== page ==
For two years, Nancy Lublin was CEO of two companies, working two full-time jobs. This past November, she downsized to one full-time job — working as the CEO and Founder of Crisis Text Line , which supports thousands through suicidal thoughts, sexual abuse, drug addiction, and more via Twilio SMS. Now that Nancy is only working one job, she’s focused on putting herself out of business.
A National Problem That Fits Into A Text
“The goal of every not-for-profit should be to put themselves out of business,” says Nancy.
“I’d be very happy if there were no more pain out there. That’d be great.” She speaks as both an unflinching optimist and a hardened realist who’s been in the nonprofit sector for more than a decade.
Nancy is aware of Crisis Text Line’s Herculean task to support someone through a moment of crisis and provide those policy makers with data that informs new laws which address the root of crisis. It’s an uphill battle Crisis Text Line is taking one text at a time. So far, they’re at nearly 20 million texts.
Crisis Text Line’s Scope of Time and KPIs
Traditional businesses measure user response times by the order of hours or days. Crisis Text Line has a different scope of time. They measure response time in minutes and seconds.
“We’re getting people texting in about heat-of-the-moment things, which means it’s a place we can have maximum impact.”
“Our texters mention ‘today’ 6x as often as any other time. That means they are getting crisis help in the moment, when we can help them make a smart decision,” says Nancy.
During our interview, Nancy whips out her phone, opens Slack and shows me a Slack channel containing her team’s key performance indicators (KPIs) autogenerated by StaffHat. Nancy uses Crisis Text Line’s quantitative data to inform critical qualitative measurements.
On the day of our interview, 283 counselors manned the phone lines, averaging 40-60 messages per conversation. 83% of those counselors logged a sub-5 minute response rate. Nancy is pleased. She adds a caveat that Crisis Text Line shoots for a sub-1.4 minute response time for “code orange” instances. These are people who are at high risk of self-harm.
“You’re either about to have a panic attack, or about to ingest a pill, or about to relapse on something. Or, we remind you how strong you are, what your coping skills are, and you make a healthy decision for yourself,” says Nancy.
While Crisis Text Line conversations are inherently reactionary — a user prompts a Crisis Counselors’ response with a text — Crisis Text Line as a whole is working to be more proactive, to address crisis before it makes it all the way to a text. Crisis Text Line uses their records to recall safety planning for users, and aggregates anonymized data on crisistrends.org to inform policy makers. Using this data, they can provide better support to their users.
“They feel the most empowered when they come up with their own solutions and ideas,”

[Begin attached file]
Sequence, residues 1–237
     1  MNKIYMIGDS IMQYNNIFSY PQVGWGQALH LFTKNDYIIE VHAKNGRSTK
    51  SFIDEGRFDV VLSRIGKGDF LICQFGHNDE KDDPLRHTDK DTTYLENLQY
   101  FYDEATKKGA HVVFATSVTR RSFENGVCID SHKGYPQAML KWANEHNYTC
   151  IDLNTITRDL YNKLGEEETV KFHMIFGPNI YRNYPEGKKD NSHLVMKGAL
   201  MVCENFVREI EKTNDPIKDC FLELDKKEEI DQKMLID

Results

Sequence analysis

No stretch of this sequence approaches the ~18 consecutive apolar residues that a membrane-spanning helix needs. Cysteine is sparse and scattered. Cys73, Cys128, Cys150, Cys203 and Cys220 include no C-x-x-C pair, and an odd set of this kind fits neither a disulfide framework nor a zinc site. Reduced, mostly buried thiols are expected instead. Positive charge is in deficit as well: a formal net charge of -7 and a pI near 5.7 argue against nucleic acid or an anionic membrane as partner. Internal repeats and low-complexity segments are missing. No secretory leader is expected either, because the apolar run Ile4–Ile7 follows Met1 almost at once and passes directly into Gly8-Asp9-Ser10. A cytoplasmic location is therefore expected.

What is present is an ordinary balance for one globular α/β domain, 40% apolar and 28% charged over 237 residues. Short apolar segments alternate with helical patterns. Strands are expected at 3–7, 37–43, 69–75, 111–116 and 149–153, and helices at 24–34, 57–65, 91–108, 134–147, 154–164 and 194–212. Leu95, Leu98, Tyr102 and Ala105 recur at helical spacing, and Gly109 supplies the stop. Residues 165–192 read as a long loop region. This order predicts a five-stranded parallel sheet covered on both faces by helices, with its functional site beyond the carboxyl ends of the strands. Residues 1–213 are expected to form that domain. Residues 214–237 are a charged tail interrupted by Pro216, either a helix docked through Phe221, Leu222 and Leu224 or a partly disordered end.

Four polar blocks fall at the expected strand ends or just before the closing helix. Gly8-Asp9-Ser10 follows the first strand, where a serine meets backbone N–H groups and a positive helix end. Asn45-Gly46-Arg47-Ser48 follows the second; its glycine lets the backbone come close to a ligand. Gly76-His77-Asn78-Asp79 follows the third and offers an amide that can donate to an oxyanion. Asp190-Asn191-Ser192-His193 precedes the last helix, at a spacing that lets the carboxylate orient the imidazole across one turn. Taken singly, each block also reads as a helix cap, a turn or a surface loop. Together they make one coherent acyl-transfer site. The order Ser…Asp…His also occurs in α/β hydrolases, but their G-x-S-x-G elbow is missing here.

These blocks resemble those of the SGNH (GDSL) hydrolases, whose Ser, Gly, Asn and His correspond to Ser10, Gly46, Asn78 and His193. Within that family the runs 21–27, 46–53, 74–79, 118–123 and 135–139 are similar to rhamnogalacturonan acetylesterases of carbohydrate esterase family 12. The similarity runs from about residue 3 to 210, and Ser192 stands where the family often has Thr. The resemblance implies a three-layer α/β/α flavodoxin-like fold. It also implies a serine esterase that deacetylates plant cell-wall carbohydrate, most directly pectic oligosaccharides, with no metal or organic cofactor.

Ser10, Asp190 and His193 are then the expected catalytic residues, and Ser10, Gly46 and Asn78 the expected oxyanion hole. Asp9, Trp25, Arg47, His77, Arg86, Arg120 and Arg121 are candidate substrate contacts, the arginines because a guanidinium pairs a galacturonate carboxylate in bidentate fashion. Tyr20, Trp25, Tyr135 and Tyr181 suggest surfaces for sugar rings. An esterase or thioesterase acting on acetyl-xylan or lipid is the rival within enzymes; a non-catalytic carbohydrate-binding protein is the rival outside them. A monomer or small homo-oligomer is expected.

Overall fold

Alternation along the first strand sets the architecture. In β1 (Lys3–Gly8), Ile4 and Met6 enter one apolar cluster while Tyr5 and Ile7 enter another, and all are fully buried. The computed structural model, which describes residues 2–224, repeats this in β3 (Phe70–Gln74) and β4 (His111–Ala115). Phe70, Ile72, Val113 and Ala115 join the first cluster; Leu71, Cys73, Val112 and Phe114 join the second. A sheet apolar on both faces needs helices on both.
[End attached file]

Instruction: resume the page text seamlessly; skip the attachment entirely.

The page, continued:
– Nan Krafft, Head of Supervision Product at Crisis Text Line.
Counselors use a therapeutic technique called mirroring to foster a sense of trust with the texter and allow them to discover their own coping strengths.
Making A Map of Crisis Across America
Each conversation that takes place on Crisis Text Line is a tiny data point. When Crisis Text Line looks at a record of their conversations, and places hundreds of thousands of data points on a map, a picture comes into focus.
They can see which states have higher rates of substance abuse, hotspots where teens suffer from anxiety, counties where texters frequently report physical abuse. Crisis Text Line anonymizes the data to protect the privacy of the user and can be seen at crisistrends.org. There’s another step they take to help their users — sharing the aggregate data with policy makers.
Crisis Text Line is part tech company and part nonprofit. Their nonprofit side drives them to influence policy. Their tech side wants policy to move faster.
“If the data shows there’s an acute problem in some part of the country for substance abuse, put more drug clinics there, put more programs there. We are like a heat map so we hope that leads to smarter policy, smarter funding, changes in schools and police departments,” says Nancy.
When Nancy adds,”What should happen with Crisis Text Line, if we do this the right way, is that our volume should grow, grow, grow grow. Then it should start going down.”
The Anatomy of a Conversation
Nan chimes in to make an important distinction between two types of conversation. As the conversations between texter and counselor dwindle, the national conversation on crisis prevention should increase. They’re inextricably, and inversely, related.
“Part of what we consider a lot is how do we raise the level of the conversation? The fact that we’re at what someone might call a tech conference in San Francisco and there’s a conversation about mental health is because of us using this technology. We want this conversation to be a conversation that takes place all over, about mental health but also about technology and non profit and using technology in a way that’s for good. Good work doesn’t have to be non-profit.” Nan concludes.
There’s a pause, a rare pause in our conversation. Nancy, holding her phone in her hands, looks like she wants to reopen Slack to check on Crisis Text Line’s performance again.
Crisis Text Line’s battle is won text by text, moment by moment and they can’t afford to waste either. While each data point, each spot on a map, each region represents a conversation. The staff at Crisis Text Line know that the conversation represents, and is comprised, of something that isn’t as easily quantified – a person in crisis.
Apps, APIs, and data visualizations can either abstract that fact or put it into focus. With nearly 20 million texts in tow, Crisis Text Line’s data is putting crisis into focus for the community they serve, themselves, and the nation.